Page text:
Women’s March (Washington, DC, 21 January 2017).
Dale said, “Right there’s where Donald Trump lives.”
Elvin said, “Is that right? Who’s Donald Trump?”
Before they ate and were driving around West Palm, Dale had pointed out the building Barnett Bank was in, its shiny black glass rising above old structures around it, and said, “You know what they call that building? Darth Vader.” And Elvin had said, “Who’s Darth Vader?” Dale could see how he might not have heard of Donald Trump in prison, but everybody in the world knew who Darth Vader was. Either one, though, was hard to explain, so Dale let it go. Elvin wasn’t interested anyway.
Elmore Leonard, Maximum Bob (1991)
I’ve wrestled with this blog entry for some weeks; at one point it was 15,000 words. I wanted to, once but maybe not for all, get some political thoughts off my chest. But events in Washington, DC, where I’m in residence for the next few months, have rolled along so fast that every day supplied a whole new set of actions to denounce. Yesterday: President Trump™ brings his unique comedy stylings to Black History Month. Today we get letting churches talk politics. Me, I’m in favor of taxing churches and in exchange letting them say anything they want.
In sum, my mental state matches one placard at the Women’s March: “All my objections to Trump won’t fit on one sign.”
My long-form draft of this entry railed at the crumbling of the Democratic party and its failure in its first duty, to protect us from authoritarianism. It lamented Bill Clinton’s lack of personal honor (erections have consequences), which led him to cling to office rather than resigning, turning things over to Gore, and possibly retaining the White House in 2000. This admittedly somewhat rantish draft pointed out that the Republicans’ unjustified invasion of Iraq led, rather directly, to the rise of Middle Eastern terrorism and the flood of refugees, a turmoil which the Republicans have in turn exploited endlessly for their benefit.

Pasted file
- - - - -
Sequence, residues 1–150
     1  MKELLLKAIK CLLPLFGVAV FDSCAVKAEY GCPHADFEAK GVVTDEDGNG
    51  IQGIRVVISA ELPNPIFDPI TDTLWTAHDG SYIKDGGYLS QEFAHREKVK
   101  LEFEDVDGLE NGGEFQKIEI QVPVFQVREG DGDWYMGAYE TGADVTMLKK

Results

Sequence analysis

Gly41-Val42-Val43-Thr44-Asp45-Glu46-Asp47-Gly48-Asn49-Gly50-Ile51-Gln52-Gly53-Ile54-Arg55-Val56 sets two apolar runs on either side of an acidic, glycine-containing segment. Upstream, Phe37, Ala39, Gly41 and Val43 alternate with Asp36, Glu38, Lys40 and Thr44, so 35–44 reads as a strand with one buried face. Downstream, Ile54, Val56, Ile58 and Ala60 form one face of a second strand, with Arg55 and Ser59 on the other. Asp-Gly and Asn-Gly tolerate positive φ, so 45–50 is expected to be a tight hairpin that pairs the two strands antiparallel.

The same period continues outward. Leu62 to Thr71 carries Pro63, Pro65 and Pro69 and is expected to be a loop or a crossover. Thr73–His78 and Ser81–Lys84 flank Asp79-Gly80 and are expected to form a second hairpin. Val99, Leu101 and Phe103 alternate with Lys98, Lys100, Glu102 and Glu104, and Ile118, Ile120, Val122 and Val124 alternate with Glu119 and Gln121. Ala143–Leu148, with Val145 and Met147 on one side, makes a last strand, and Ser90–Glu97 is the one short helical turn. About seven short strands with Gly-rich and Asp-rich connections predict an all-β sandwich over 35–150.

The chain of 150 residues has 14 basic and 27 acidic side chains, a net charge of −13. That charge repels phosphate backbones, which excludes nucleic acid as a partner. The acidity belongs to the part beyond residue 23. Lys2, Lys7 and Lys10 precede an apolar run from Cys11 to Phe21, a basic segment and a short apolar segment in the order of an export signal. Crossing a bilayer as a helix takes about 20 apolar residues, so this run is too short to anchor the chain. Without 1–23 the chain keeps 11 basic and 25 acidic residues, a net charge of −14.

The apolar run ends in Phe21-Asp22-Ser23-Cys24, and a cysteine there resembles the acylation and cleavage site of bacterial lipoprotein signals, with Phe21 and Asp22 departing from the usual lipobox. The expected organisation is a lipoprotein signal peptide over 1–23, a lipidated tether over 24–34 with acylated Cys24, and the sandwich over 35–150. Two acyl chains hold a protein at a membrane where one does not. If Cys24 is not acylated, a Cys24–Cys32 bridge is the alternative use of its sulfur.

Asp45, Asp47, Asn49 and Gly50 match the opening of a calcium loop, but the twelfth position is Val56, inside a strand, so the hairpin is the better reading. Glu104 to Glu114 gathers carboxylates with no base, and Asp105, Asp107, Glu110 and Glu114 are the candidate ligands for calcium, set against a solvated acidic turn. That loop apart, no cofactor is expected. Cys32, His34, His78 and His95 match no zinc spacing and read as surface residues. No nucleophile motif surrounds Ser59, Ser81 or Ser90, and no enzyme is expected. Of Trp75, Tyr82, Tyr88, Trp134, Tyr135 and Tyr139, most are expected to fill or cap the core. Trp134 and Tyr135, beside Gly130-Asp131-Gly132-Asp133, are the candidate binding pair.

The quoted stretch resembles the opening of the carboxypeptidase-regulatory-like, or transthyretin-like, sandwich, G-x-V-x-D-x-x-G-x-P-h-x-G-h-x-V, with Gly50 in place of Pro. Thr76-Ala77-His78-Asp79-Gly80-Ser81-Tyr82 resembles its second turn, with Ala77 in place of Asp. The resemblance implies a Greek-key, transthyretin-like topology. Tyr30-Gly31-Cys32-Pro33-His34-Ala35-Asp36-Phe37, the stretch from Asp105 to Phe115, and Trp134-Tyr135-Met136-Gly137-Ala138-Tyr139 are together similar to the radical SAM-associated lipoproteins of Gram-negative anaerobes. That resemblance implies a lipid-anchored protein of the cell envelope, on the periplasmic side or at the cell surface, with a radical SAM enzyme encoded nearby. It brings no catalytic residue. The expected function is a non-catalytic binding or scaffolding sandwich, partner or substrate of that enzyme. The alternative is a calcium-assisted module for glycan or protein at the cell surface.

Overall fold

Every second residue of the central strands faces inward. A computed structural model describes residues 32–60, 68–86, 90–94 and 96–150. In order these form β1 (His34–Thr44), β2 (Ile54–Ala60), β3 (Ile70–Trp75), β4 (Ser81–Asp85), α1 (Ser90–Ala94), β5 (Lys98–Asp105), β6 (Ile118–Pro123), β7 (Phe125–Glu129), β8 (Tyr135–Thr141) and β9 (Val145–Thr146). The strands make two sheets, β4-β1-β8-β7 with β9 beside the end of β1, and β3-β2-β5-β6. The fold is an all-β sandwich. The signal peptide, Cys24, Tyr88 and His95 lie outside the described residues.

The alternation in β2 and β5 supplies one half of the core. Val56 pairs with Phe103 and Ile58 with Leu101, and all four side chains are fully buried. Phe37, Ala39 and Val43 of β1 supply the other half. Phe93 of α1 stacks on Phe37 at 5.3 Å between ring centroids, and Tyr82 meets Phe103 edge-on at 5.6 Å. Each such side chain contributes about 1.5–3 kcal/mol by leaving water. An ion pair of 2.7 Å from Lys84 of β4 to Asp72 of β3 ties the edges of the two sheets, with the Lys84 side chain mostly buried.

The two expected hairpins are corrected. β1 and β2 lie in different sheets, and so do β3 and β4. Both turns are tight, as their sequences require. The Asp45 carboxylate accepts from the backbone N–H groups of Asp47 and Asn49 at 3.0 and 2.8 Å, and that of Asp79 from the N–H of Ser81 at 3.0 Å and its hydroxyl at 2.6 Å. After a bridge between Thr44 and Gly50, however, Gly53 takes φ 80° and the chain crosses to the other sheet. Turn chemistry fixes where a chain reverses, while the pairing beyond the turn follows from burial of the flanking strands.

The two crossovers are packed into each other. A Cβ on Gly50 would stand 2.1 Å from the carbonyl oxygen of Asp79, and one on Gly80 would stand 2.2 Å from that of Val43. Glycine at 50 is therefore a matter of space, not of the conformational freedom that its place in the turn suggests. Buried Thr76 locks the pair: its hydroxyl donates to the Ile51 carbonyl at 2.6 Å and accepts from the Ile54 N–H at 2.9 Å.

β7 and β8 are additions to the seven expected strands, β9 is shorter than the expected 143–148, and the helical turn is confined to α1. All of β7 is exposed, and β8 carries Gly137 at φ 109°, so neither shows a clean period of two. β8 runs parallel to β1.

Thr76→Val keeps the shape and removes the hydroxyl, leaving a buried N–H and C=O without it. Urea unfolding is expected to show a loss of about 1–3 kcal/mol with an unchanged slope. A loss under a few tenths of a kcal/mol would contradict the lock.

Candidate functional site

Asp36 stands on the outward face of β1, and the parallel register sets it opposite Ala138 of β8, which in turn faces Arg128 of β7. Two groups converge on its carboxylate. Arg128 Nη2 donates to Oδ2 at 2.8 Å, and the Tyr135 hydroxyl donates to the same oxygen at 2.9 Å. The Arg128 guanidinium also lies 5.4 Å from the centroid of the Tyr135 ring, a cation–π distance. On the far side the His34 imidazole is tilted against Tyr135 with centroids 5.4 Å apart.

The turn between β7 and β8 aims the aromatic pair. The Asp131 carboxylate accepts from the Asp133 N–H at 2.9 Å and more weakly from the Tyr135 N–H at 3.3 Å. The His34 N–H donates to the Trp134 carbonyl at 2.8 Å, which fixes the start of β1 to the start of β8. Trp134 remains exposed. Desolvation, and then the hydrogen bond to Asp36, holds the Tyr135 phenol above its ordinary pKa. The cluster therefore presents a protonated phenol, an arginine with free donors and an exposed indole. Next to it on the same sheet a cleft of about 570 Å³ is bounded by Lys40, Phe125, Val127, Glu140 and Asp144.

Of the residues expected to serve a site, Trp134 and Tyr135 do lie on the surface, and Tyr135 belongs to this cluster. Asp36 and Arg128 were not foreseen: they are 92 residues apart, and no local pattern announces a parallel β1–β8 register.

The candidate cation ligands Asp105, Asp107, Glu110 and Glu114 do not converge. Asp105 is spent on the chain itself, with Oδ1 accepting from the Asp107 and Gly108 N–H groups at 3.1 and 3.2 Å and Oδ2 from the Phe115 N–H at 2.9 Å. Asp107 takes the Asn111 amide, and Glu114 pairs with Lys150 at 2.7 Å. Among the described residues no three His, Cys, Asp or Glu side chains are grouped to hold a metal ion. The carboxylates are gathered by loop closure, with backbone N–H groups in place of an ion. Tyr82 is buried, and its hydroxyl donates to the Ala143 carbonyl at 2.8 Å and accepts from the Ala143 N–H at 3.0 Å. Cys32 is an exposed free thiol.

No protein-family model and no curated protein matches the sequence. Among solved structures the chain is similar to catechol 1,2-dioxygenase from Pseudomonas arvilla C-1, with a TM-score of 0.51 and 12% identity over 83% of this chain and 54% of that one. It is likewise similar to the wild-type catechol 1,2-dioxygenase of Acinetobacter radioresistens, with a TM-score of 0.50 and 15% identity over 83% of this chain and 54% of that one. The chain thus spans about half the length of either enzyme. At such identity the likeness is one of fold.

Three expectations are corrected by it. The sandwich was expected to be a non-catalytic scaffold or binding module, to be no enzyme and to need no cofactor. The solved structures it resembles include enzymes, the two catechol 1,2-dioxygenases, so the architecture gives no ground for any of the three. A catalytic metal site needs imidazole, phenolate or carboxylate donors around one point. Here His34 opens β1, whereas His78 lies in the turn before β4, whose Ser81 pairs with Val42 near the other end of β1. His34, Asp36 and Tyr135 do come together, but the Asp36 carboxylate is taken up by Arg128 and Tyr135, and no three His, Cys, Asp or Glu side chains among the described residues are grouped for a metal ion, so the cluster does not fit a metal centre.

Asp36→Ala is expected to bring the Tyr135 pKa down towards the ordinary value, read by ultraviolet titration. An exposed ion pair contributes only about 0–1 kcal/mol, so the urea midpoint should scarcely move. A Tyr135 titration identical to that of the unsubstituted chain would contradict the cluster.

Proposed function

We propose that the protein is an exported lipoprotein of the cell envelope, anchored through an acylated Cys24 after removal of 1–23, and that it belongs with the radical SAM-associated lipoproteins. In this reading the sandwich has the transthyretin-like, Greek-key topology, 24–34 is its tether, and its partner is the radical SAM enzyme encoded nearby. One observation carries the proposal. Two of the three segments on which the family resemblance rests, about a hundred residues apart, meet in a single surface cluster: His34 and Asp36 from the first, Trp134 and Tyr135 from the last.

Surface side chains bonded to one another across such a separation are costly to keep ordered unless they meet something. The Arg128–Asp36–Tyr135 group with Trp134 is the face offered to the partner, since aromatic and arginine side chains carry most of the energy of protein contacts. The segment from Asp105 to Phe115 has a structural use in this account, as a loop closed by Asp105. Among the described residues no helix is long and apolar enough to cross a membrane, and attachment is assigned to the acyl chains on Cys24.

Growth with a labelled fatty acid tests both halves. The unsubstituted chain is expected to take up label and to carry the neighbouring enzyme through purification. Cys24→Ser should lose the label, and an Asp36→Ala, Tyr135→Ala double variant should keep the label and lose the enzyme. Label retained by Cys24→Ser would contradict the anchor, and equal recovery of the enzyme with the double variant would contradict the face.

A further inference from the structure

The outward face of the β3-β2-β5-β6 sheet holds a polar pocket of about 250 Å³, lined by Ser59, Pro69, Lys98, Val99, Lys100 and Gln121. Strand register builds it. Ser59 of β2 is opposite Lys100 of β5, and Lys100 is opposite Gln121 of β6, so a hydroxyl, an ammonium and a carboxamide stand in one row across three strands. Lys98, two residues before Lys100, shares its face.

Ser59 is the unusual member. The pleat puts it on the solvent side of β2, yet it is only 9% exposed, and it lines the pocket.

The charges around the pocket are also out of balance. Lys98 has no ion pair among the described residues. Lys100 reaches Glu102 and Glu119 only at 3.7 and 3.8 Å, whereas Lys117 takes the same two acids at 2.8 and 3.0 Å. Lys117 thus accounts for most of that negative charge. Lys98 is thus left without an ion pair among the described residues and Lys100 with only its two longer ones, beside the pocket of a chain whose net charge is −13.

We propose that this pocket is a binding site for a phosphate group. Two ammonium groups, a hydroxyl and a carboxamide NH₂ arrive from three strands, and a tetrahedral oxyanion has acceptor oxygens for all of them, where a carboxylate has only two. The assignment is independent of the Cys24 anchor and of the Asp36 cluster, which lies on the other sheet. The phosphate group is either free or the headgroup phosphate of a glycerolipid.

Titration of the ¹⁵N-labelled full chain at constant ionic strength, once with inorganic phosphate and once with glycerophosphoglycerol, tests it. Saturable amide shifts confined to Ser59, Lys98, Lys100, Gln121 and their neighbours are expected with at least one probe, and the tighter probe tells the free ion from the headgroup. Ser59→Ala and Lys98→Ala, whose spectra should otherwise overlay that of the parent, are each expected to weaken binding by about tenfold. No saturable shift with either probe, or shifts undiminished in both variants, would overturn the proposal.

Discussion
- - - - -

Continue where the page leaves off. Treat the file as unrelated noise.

My epic draft noted the spectacle of Republican candidates whom Trump insulted scrambling to do his bidding and waving off conduct that they wouldn’t tolerate from their swaggering teenaged sons. And the saga suggested that the Democrats, for all their weaknesses and equivocations and compromises and corruption, do harbor some number who want to widen the circle of people who deserve to be treated with dignity.
The long version also turned a cold eye toward the recent wave of journalists’ expeditions from the Coasts to report on and empathize with the Forgotten American. Nobody from the boondocks I lived in for eighteen years (an in-depth longitudinal study) ever evinced any curiosity about the ideas of the liberals they despised. Frequent visits back home showed no further stirrings of curiosity about the world, just as today I see no efforts to empathize coming from Trump’s jeering mobs. By contrast, many liberals strive to widen the circle of understanding, and this allows them to be played for suckers again and again.
So I feel that I just have to stop fiddling with the damn thing and boil it down to something digestible and for the moment. In my view, President Trump™ is openly laying the groundwork for a corrupt, authoritarian state. He is doing so with the complicity of both establishment and Tea Party Republicans, who have all long ago given up any vestige of principle. Wholly interested in holding absolute power, they are prepared to back up the most trivial, baldfaced lies and the most outrageous violations of liberty and decency.